The trip is just 3.5 miles long, but it delivers a punch with a marshy wetland section where moose and other species congregate to feast on the aquatic vegetation.
The walk also offers views of Alder Lake, where you could possibly see a moose swimming!
If you can go silently and lightly, you will have a far greater chance of observing moose in the wild, as with all moose sightings.
The Maine Wildlife Park is worth a visit.
The Maine Animals Park in Gray is home to approximately 30 different kinds of Maine wildlife that have been wounded, orphaned, or otherwise unable to return to the wild.
This is the only method to view a moose in Maine that is 100 percent guaranteed (or a black bear, a cougar, a coyote, a bald eagle, and many more).
Throughout the week, the park has public talks and demonstrations, so be sure to check out what’s going on during your visit.
Take a Drive
Always drive with care in Maine and keep an eye out for moose and other animals.
Anywhere in the state, there’s a chance you’ll encounter a moose out in the distance or even crossing the road in front of you, but you’re more likely to see one when travelling through one of these places below!
Kennebec and Moose River Valley US Route 201 is known as “Moose Alley” or “Old Canada Road Scenic Byway,” and is bordered by lakes, rivers, ponds, and marshes, making it ideal moose habitat.
Keep a watch out for the stunning surroundings as well as the odd moose feeding on the side of the road!
Aroostook County is one of Maine’s greatest places to see moose.
Between Ashland and Patten, US Route 11 is recognised for both its stunning vistas of Mount Katahdin and the chance of seeing at least one moose besides the road.
US Route 161 Caribou to Fort Kent and US Route 1 Caribou to Van Buren are two more Aroostook County trips noted for moose sightings, where it is stated that you will not only see a moose, but at least two!
There are 6 huge lakes in the Rangeley Lakes Region, so there is plenty of moose activity!
Route 4 between Phillips and Rangeley and Route 16 between Rangeley and Stratton are two of the most often reported routes for seeing moose, but there is a whole list of Rangeley Lakes Region routes that are recognised for their moose sightings if you’d like some additional possibilities.
In Maine, there are many possibilities to spot moose; wherever you go, have fun on your moose hunt!
Where in Maine Can You See Moose?
So, you’ve decided to visit Vacationland, and your next question is: Where in Maine can you view the most moose?
Of course, there’s no way of knowing where you’ll find one.
Wildlife is unpredictably unexpected. The good news is that you’ll have a high chance of sighting a moose while you’re here. Why?
Maine’s moose population is believed to be approximately 76,000, making it the state with the biggest moose population outside of Alaska.
Even better, Northern Outdoors is located in great moose hunting country.
The moose population in western and northern Maine is higher than on the coast or in the southern areas.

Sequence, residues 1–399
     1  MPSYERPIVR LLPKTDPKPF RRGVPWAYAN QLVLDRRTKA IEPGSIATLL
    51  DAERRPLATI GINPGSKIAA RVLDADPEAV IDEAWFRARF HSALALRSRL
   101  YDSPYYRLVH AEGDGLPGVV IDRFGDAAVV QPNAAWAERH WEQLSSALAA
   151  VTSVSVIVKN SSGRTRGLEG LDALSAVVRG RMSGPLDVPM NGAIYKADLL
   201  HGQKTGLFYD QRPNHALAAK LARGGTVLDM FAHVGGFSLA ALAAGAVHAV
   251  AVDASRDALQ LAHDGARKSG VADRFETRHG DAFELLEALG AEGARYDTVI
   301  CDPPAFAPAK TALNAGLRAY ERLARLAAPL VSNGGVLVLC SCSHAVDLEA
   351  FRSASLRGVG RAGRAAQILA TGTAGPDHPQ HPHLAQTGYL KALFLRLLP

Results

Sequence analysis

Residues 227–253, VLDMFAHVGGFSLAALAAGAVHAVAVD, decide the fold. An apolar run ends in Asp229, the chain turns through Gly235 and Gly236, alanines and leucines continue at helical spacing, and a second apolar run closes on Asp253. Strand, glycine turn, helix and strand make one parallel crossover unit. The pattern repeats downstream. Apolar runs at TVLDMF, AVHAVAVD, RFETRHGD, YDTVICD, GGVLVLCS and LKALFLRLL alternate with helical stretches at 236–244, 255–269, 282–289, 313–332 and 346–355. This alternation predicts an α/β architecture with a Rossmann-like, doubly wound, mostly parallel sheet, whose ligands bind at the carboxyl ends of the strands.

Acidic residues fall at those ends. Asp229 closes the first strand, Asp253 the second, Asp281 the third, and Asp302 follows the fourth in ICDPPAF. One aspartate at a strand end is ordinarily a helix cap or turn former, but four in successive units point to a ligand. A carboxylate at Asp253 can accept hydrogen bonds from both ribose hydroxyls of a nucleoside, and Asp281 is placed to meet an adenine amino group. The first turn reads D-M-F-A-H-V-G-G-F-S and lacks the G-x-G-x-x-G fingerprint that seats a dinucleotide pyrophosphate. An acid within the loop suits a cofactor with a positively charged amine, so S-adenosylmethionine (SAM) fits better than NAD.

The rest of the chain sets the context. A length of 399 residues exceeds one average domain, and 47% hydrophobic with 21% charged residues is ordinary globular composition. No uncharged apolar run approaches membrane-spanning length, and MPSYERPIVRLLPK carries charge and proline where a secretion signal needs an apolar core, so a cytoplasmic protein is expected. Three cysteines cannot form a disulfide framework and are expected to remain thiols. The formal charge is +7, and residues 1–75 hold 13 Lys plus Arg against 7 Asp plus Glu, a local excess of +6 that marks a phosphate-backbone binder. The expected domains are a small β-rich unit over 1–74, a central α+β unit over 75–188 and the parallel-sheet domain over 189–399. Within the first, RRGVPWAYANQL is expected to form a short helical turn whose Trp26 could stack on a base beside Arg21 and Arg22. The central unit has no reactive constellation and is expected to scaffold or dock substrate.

You’ll be off to a good start whether you visit the adventure resort at The Forks or the appropriately titled Big Moose Inn just outside of Baxter State Park.
Moose in a Maine swamp
They like marshy, muddy locations to hang out in, although they may be found almost anyplace.
You could see them rolling about in the mud, which helps to form a barrier against mosquitoes and black flies.
They’re excellent swimmers, so if you’re fortunate, you could see one in or near a body of water.
Because moose need sodium in their diets and natural salt licks are scarce in Maine, you may witness them licking the salt runoff along highways.
Here are a few spots in western Maine where you may see moose: Route 201 from The Forks to the Canadian border (it’s not called “Moose Alley” for nothing! ), Route 27 between Carrabassett and Eustis, Route 6 from Dover-Foxcroft to Greenville, the Golden Road, and Baxter State Park, all surrounding Moosehead Lake (like Lazy Tom Bog) and Greenville.
Amid the Maine woods, a bull moose rests in the shrubs.
If you’re going whitewater rafting on the Kennebec River, you could see a moose along the route!
Where to Look for Moose in Maine
Here are some pointers on where to look for moose and when to look for them, as well as some safety considerations:
When do moose emerge from their dens? They’re not particularly active in the middle of the day, so the best times to see them are around twilight and dawn.
Which months are the busiest for them? The greatest time to view moose is from mid-May to July, and then again in the autumn (mating season).
Driving should be done with extreme caution at all times, but particularly at night.
Most Mainers I know have either run across a moose or know someone who has, and my mother still tells me to “keep an eye out for moose” anytime I’m out in the woods.
There are a few things to bear in mind: Because moose are so tall, you may not be able to notice the reflections in their eyes as easily as you would with deer.
And, unlike deer, they don’t dart, preferring instead to meander along–sometimes sprinting, sometimes simply standing in the center of the road.
Never approach or attempt to pursue moose. While moose are not carnivores, their great size makes them very strong and they may attack if threatened. Males (bulls) are 1,100 pounds and may be more violent during the autumn mating season, while females (cows) are 800 pounds and protective of their offspring.